Are you tired of this stock photo yet?
MedPageToday has the details. A quote:
In a computer modeling study, very obese men lost just over 8 years of life compared with normal-weight men, and very obese women lost as many as 6 years, Steven Grover, PhD, of McGill University, and colleagues reported online in the Lancet Diabetes and Endocrinology.
They also found that very obese men and women (defined as a body mass index [BMI] of 35 and higher) lost about 19 years of healthy life, defined as living free of chronic disease such as diabetes and cardiovascular disease.
Note that “very obese” in this context has a specific definition: body mass index 35 or higher. Calculate yours.
The number of life years lost to obesity and disease were highest for those who were very obese in young adulthood and presumably stayed obese for years. In other words, becoming very obese at age 60 is not as dangerous as at 25.
I first got interested in weight loss in the 1990s when I had an office-based primary care medical practice. It was obvious that many of the medical problems I was treating were related to years of obesity. Believe me, you’re much better off preventing those problems via diet and exercise.
In the 1990’s, both Dr. Dean Ornish’s vegetarian diet and Dr. Robert Atkins low-carb diet were very popular, and you couldn’t find any two diets that were more polar opposites. And do you remember Susan Powter and her “Stop the Insanity” diet? My desire to lead my patients onto the right path resulted in the first edition of my Advanced Mediterranean Diet.
Click for The Lancet study abstract.
Steve Parker, M.D.
Well, it’s not entirely new. It’s liraglutide, which has been available to treat diabetes for a several years, sold in the U.S. as Victoza. Click for my brief review of the drug class for diabetics.
Click for the CBS News report on Saxenda. A snippet:
One clinical trial that involved patients without diabetes found that patients taking Saxenda had an average weight loss of 4.5 percent after one year. Of the people treated with the drug, 62 percent lost at least 5 percent of their body weight. Meanwhile, only 34 percent of those given an inactive placebo had the same result.
Another clinical trial that included patients with type 2 diabetes found that patients had an average weight loss of almost 4 percent after one year. Of those given Saxenda, 49 percent lost at least 5 percent of their body weight, compared to 16 percent of those who were given a placebo treatment.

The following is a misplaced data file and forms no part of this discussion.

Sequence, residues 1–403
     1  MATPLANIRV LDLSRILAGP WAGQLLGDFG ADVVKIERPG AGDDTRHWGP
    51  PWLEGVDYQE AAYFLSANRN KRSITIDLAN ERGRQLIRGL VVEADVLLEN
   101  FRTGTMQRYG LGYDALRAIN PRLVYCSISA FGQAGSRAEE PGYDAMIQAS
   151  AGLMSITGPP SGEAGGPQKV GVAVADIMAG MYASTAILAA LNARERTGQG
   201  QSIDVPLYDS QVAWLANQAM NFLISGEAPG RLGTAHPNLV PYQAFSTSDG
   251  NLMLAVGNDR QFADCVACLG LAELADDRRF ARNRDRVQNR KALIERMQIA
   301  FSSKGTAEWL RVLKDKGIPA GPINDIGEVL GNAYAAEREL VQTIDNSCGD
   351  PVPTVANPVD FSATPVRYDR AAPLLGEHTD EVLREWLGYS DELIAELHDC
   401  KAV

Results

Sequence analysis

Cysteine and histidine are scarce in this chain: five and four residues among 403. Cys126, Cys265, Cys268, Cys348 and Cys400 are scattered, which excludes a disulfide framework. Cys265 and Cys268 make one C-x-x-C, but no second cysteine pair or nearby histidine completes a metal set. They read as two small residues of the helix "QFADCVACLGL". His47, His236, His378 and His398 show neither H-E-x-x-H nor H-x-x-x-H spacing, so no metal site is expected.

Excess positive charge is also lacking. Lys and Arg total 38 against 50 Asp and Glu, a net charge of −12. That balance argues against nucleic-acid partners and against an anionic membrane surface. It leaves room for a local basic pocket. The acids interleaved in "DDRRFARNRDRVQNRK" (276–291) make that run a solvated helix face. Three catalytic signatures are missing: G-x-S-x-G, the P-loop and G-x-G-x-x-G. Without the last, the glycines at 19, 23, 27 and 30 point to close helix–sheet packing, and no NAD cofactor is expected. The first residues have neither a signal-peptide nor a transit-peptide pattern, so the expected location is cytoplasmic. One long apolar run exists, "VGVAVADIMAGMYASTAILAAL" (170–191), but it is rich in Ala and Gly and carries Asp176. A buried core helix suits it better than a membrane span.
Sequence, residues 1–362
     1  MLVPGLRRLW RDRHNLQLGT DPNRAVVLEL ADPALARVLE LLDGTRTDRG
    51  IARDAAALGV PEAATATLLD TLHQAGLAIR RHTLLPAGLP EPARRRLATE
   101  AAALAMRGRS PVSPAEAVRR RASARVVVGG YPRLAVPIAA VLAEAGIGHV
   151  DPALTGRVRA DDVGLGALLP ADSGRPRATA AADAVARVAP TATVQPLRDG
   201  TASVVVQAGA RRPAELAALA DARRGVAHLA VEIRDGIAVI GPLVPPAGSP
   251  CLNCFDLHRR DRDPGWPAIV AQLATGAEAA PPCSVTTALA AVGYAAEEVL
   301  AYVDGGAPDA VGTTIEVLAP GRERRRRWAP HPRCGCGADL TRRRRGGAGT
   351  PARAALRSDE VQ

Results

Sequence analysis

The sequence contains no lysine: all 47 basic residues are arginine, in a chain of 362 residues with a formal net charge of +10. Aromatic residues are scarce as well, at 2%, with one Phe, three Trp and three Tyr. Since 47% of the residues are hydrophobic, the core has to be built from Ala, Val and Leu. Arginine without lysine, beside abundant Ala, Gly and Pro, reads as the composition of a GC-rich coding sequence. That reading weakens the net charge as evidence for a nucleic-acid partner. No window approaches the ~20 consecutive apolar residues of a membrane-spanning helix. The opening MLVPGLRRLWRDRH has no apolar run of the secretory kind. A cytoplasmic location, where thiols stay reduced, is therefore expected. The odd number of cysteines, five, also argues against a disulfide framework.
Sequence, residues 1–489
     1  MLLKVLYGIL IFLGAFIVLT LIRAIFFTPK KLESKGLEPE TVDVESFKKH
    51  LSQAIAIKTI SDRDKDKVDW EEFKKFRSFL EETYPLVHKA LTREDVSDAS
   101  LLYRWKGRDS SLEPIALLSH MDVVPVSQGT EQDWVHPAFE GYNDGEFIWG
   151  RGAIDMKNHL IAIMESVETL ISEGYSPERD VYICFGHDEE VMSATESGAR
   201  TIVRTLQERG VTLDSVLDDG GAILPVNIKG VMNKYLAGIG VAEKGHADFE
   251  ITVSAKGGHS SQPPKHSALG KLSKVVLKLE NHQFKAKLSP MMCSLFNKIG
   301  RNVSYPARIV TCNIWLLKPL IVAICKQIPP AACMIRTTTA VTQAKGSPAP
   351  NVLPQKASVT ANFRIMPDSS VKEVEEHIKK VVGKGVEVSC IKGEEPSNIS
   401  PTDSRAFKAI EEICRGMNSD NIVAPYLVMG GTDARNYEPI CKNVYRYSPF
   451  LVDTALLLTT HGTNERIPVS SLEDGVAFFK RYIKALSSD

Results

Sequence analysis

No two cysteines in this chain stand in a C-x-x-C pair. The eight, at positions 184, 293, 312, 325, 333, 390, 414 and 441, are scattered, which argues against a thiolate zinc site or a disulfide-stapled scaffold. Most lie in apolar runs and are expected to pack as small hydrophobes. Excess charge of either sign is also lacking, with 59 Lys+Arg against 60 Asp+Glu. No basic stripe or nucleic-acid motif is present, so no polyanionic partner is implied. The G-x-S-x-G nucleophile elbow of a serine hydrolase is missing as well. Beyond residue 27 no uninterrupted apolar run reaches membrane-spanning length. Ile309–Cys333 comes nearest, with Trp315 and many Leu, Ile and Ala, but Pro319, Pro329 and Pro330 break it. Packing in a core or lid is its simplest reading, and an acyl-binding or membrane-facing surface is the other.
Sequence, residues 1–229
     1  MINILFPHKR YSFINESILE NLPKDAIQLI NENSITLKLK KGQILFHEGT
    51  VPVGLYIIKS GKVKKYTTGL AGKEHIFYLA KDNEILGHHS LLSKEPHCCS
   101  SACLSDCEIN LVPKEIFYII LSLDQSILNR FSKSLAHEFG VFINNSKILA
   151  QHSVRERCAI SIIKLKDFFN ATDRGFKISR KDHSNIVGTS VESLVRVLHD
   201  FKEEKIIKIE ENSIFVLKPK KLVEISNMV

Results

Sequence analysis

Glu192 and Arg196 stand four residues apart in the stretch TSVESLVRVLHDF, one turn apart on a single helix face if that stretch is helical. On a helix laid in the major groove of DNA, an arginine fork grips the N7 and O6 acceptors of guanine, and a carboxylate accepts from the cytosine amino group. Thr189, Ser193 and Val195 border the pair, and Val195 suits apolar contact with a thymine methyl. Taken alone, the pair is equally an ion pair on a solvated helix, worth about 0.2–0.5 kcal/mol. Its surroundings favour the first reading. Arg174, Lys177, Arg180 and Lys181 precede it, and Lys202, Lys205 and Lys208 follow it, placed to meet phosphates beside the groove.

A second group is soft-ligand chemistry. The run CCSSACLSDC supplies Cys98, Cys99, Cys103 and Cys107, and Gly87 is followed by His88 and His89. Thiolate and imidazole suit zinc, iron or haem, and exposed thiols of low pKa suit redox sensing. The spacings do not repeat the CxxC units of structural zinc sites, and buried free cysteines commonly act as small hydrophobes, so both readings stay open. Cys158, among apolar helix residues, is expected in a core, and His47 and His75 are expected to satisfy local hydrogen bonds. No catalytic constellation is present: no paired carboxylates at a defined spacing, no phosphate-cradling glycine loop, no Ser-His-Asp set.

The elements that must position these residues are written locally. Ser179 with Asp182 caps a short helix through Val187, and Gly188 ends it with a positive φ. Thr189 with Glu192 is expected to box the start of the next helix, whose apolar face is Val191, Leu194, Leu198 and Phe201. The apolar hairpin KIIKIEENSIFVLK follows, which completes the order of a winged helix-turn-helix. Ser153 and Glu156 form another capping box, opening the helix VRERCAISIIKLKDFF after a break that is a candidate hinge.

Click for the FDA’s press release.
Oh, by the way. You have to inject it daily under the skin (subcutaneous). And if you were hoping for a shortcut to weight loss, this isn’t it. You’re still supposed to follow a reduced-calorie diet and exercise regularly.
I’d try The Advanced Mediterranean Diet first.
Steve Parker, M.D.
PS: Full prescribing information.
“This’ll fix you right up!”
The FDA recently approved a new weight-loss drug for the U.S. market. It’s marketed as Contrave, a combination of naltrexone and bupropion.
Neither of the components is new. Naltrexone’s been used to treat alcohol and narcotic addiction. Bupropion, e.g., Wellbutrin, is for depression and smoking cessation.
Contrave joins two other recent drugs for weight loss. Belviq and Qsymia were approved in 2012. I still haven’t run across anyone using those.
To qualify for the new formulation, you need a body mass index over 30, or over 27 plus one or more weight-related medical condition such as type 2 diabetes or high blood pressure.
If you haven’t lost over 5% of your initial body weight in the first 12 weeks of use, the FDA recommends stopping the drug.
Potential adverse effects include suicidal thoughts and seizures. More commonly, users may experience headache, nausea, constipation, diarrhea, dizziness, insomnia, and dry mouth. Constipation and diarrhea?!
Even with the drug, you still have to be on a reduced-calorie diet and exercise program.
Why not try the Advanced Mediterranean Diet or Ketogenic Mediterranean Diet first?
Steve Parker, M.D.
…according to an article at MedPageToday.
Many physicians have been reluctant to recommend low-carb diets out of fear that they increase cardiovascular risk. A recent study compared low-carb to low-fat dieting over 12 months and actually found better improvements in cardiovascular disease risk factors on the low-carb diet (max of 40 grams a day).
After 12 months, folks on a low-carbohydrate diet had lost 5.3 kg (11.7 lb), while those on a low-fat diet with similar caloric value had lost 1.8 kg (3.9 lb). Both groups showed lowering of LDL cholesterol, while the low-carbers had better improvements in HDL cholesterol and triglycerides.
DietDoctor Andreas Eenfeldt can add this study to his list of others that show better weight loss with low-carb diets compared to low-fat.
Steve Parker, M.D.
I recommend nuts to all of my patients. They help reduce risk of coronary artery disease (e.g., heart attacks) and overall risk of death. Don’t believe me? Check this out. Nuts are integral to the Advanced Mediterranean Diet, Ketogenic Mediterranean Diet, Low-Carb Mediterranean Diet, and the Paleobetic Diet.
In general, you would eat fewer calories compared to eating faster. It doesn’t affect your degree of hunger at the end of the meal or within the few hours thereafter. AJCN has the details.
Why the authors of the study didn’t report effects on body weight are a mystery to me. Probably trying to get another published article out of their work.
If calories matter in weight loss efforts, and I think they do, you may improve your weight loss success by eating slower.
PS: I only read the abstract.